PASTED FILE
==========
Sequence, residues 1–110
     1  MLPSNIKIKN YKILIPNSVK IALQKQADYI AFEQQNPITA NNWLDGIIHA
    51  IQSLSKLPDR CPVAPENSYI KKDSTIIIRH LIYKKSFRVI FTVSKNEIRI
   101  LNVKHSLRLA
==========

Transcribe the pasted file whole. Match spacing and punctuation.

Sequence, residues 1–110
     1  MLPSNIKIKN YKILIPNSVK IALQKQADYI AFEQQNPITA NNWLDGIIHA
    51  IQSLSKLPDR CPVAPENSYI KKDSTIIIRH LIYKKSFRVI FTVSKNEIRI
   101  LNVKHSLRLA